- Conference Paper
Minimizing the round complexity of Byzantine Agreement (BA) protocols is a fundamental problem in distributed computing. The typical approach to achieve round efficient (randomized) BA is to have a weak form of BA, called graded consensus (GC), followed by a distributed coin, and to repeat this process until some termination condition is met - -as introduced by Feldman and Micali (STOC'88). In this work, we revisit the question of building BA from GC, or, more precisely, from generalizations of GC. Concretely, for 'Monte Carlo' style BA, where the protocol is run for a fixed number of rounds in function of the security parameter (in contrast to protocols with probabilistic termination), we demonstrate that this generalization helps to considerably reduce the round complexity of BA. In particular, assuming a setup for threshold signatures among the parties and corruption threshold t < n/3, we improve over the round complexity of the best known protocol by a factor of 1/2, asymptotically; this is achieved by applying one single Feldman-Micali iteration consisting of one (generalized) GC instance and one round of coin tossing. Our technique also applies to the dishonest-minority case (t < n/2), yielding an improvement by a factor of 1/4 (asymptotically) over the round complexity of the best known fixed-round protocol. Show more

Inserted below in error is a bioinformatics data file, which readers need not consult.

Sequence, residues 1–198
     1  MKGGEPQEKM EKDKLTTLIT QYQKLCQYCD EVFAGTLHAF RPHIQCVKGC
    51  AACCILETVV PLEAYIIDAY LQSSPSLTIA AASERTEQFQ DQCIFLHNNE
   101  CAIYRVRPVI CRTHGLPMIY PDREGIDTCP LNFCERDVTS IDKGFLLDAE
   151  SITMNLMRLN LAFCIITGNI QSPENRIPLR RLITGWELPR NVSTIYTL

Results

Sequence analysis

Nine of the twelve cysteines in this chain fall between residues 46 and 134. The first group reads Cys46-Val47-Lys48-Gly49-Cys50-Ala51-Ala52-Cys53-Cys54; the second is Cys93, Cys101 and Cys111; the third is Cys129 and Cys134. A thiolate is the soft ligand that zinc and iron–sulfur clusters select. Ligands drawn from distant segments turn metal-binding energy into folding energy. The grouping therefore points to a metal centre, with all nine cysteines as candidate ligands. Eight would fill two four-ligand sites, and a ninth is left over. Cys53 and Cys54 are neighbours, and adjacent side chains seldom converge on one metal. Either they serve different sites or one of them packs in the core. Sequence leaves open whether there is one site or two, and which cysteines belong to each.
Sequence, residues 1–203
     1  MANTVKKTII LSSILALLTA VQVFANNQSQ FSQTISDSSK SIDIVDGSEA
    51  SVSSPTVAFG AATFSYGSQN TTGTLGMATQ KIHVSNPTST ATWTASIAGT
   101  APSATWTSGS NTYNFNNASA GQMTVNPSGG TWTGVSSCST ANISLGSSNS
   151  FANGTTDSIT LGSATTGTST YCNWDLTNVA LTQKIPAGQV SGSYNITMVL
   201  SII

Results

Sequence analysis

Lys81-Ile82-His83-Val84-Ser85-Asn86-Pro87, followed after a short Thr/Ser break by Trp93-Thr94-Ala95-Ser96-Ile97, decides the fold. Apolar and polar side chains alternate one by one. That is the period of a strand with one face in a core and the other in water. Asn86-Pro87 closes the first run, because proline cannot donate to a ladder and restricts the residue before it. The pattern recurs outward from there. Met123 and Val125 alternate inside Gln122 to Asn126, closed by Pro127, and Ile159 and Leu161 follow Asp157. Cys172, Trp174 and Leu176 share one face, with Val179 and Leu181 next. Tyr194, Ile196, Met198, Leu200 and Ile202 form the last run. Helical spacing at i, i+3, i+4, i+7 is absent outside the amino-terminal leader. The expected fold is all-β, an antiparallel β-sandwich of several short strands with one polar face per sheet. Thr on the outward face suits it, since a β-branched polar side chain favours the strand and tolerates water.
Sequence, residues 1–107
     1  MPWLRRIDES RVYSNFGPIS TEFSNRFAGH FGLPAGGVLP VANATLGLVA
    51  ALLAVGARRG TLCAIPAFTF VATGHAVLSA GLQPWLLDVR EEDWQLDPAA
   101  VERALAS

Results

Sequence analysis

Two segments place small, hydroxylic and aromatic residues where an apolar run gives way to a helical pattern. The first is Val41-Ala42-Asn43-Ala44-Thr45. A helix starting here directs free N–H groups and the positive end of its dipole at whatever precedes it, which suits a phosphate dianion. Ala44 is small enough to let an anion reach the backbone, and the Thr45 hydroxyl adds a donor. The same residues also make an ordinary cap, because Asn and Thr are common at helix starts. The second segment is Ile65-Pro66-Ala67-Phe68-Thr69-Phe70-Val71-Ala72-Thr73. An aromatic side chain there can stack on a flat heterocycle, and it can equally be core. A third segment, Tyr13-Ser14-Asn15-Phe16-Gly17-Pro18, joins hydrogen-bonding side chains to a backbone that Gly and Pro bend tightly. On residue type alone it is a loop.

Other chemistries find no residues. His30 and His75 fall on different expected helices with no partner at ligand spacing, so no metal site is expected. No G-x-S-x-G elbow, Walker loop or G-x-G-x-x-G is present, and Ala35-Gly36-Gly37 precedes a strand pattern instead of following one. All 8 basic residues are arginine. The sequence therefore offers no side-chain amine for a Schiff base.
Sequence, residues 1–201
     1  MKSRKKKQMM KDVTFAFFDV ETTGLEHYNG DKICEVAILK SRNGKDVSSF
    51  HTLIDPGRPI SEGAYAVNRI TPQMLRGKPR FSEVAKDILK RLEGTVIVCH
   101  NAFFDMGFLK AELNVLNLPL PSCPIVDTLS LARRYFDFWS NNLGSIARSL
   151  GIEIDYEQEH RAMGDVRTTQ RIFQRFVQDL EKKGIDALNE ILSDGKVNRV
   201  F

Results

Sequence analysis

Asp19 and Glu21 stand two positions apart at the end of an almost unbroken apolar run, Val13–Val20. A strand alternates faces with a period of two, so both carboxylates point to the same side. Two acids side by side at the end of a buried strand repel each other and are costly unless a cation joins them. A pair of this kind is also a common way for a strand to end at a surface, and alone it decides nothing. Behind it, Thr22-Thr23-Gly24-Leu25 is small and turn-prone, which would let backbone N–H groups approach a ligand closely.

Book titleProceedings of the 2021 ACM Symposium on Principles of Distributed Computing (PODC '21)
Pages / Article No.
PublisherAssociation for Computing Machinery
SubjectByzantine agreement; Round efficiency; Proxcensus
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